Up until 2013, the number of BTC transactors and the volume of transactions was very low, and due to that, there was no network congestion. However, after the dramatic rise in the popularity of cryptocurrency, the number of users has increased dramatically. This has led to many problems, such as raised transaction fees and network congestion. Scaling of the bitcoin blockchain has been the most sought-after solution. It increases the capacity to manage huge transactions. It is done by updating the code underlying the network.

What Is Blockchain Security?

Security in blockchain basically refers to integrating a complete risk management system. Trust in transactions is ensured through the core principles of a blockchain security framework, which are consensus, cryptography, and decentralization. New transactions are connected to the previous ones in a cryptographic chain, and validation of all transactions is done in a decentralized manner by a consensus mechanism. Security protocols in a blockchain can differ according to the type of blockchain. There are three main blockchains:

  1. Public blockchains

A blockchain with no center of control and an architectural central point-of-failure is called a public blockchain. The decentralization of a blockchain through crypto economics ensures cooperation in the public blockchain network. Usually, it uses POS and POW consensus mechanisms.

  1. Private blockchains

In a private blockchain, a starter/central administrator must verify and validate a user on grounds of the rules as stated by the network administrator. Businesses use private blockchains for authentication, record-keeping, and access. POA approach is commonly used for private blockchains.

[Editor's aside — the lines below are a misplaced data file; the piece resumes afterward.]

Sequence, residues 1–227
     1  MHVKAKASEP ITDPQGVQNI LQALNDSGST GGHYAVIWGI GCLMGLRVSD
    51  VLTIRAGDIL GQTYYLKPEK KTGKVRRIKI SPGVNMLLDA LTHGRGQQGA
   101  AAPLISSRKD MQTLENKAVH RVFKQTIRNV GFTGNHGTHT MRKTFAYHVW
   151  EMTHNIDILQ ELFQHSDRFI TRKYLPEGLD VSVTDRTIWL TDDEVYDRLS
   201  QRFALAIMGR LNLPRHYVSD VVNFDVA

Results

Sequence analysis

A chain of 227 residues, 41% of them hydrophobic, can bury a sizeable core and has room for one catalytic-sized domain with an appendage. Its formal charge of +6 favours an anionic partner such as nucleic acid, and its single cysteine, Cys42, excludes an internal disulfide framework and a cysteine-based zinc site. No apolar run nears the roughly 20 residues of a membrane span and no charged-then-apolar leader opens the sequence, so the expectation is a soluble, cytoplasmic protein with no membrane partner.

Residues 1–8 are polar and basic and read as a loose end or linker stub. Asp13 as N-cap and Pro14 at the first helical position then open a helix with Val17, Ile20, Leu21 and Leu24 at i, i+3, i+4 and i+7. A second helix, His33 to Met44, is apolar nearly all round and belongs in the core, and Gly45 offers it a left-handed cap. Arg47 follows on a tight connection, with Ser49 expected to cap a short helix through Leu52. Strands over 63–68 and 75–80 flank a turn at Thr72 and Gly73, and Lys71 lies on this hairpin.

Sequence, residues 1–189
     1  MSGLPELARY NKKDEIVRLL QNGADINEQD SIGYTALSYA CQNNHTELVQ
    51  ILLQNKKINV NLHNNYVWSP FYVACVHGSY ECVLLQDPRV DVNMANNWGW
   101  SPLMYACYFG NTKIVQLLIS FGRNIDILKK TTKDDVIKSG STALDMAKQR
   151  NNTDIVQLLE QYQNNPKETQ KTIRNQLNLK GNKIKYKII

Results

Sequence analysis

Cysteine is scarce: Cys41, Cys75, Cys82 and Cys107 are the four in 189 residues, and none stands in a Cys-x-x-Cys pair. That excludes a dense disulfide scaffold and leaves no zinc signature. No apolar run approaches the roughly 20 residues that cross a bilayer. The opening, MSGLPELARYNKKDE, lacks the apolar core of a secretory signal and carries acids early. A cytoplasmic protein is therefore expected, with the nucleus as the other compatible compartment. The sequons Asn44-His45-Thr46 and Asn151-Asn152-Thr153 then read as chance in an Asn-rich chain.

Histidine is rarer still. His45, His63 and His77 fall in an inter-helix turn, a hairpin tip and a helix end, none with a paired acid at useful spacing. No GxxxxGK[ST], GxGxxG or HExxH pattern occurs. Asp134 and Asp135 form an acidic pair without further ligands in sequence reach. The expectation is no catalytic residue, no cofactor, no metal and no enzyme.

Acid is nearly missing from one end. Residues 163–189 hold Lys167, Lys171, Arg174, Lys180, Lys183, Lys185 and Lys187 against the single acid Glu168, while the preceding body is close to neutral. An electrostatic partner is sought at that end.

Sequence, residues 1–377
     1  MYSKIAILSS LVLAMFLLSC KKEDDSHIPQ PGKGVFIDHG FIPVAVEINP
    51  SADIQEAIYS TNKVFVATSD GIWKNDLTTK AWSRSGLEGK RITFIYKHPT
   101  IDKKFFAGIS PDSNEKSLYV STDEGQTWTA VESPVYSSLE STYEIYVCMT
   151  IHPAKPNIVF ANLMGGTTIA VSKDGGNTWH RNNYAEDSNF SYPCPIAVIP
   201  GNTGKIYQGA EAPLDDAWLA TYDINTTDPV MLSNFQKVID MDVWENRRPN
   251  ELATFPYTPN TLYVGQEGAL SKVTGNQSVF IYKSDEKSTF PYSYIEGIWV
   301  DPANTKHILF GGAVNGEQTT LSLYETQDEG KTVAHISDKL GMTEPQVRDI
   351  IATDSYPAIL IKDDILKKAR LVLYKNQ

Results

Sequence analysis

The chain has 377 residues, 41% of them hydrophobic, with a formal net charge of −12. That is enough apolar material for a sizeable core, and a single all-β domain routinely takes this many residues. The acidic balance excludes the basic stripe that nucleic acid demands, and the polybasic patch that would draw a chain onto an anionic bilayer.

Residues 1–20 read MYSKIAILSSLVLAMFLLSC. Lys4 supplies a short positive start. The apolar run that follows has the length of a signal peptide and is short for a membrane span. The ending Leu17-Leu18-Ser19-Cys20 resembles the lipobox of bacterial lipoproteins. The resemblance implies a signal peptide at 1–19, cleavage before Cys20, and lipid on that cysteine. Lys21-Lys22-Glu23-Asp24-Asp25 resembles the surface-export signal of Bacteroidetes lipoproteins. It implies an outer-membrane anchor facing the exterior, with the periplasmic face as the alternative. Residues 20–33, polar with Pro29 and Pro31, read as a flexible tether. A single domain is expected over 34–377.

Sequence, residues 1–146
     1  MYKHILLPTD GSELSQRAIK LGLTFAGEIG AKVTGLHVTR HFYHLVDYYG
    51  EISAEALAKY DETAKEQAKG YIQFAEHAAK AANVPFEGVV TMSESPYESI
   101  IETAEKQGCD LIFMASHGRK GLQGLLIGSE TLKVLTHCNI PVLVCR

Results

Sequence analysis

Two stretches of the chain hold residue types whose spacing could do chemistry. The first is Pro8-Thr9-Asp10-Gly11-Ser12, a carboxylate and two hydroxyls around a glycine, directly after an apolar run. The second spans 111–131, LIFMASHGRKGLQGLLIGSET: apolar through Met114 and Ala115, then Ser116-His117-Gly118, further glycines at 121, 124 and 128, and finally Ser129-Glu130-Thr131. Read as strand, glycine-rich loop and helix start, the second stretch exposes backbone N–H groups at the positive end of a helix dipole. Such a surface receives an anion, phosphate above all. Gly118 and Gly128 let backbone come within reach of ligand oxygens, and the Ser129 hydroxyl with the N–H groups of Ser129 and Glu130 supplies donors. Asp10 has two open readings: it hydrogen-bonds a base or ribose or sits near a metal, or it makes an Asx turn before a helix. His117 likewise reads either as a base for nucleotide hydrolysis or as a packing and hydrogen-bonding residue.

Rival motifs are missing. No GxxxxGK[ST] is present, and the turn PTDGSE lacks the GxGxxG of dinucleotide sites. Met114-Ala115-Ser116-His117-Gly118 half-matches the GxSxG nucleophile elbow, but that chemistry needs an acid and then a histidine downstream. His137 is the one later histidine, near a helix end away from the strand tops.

1. Consortium blockchains

The consortium blockchain is an amalgamation of private and public blockchains. Participants that are approved by a central entity constitute a consortium. Consensus is achieved via POS, POW, and POA.

There are three factors that are used to develop a fully dynamic system.

  • Fraud prevention best practices.
  • Cybersecurity frameworks.
  • Assurance services.

Solving the Blockchain Trilemma

It is believed that the blockchain trilemma is a permanent problem with no solution, and developers must opt for two of three benefits to create a blockchain. However, a multitude of recent innovations across the decentralized ecosystem has introduced some solutions that have the ability to overcome these hurdles. These solutions include advanced concepts like random delegation, side chains, sharding, and Layer-1 and Layer-2.

Cryptocurrency project Algorand claims that their network equally uses all three advantages by adopting the concept of randomness and solves the Blockchain trilemma. Other blockchain developers are working non-stop to try and mitigate this issue. Let us see what other potential solutions are under development.

Layer 1 Blockchains

Layer-1 (Implementation layer) is responsible for maintaining blockchain security and comprises coding rules, language, and consensus mechanisms. This layer only handles two functions:

  • Process of block creation.
  • Addition of the created block to the main blockchain.

Consensus Protocol Improvements